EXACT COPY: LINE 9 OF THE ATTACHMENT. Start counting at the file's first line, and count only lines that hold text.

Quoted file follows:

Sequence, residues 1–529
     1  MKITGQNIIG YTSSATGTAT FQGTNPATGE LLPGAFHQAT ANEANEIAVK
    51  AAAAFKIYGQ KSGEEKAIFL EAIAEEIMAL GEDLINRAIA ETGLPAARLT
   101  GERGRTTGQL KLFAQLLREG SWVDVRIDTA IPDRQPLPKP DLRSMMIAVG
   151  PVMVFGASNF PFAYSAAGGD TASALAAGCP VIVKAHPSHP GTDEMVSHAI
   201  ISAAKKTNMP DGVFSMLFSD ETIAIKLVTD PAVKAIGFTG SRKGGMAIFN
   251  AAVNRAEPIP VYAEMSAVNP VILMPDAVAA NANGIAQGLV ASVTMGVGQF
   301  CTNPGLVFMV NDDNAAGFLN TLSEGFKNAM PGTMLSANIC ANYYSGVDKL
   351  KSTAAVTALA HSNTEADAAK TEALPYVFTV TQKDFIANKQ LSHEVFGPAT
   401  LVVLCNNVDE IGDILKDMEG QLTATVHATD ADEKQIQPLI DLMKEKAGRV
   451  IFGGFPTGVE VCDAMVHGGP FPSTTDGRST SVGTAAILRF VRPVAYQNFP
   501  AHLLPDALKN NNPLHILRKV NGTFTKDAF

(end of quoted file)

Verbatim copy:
   351  KSTAAVTALA HSNTEADAAK TEALPYVFTV TQKDFIANKQ LSHEVFGPAT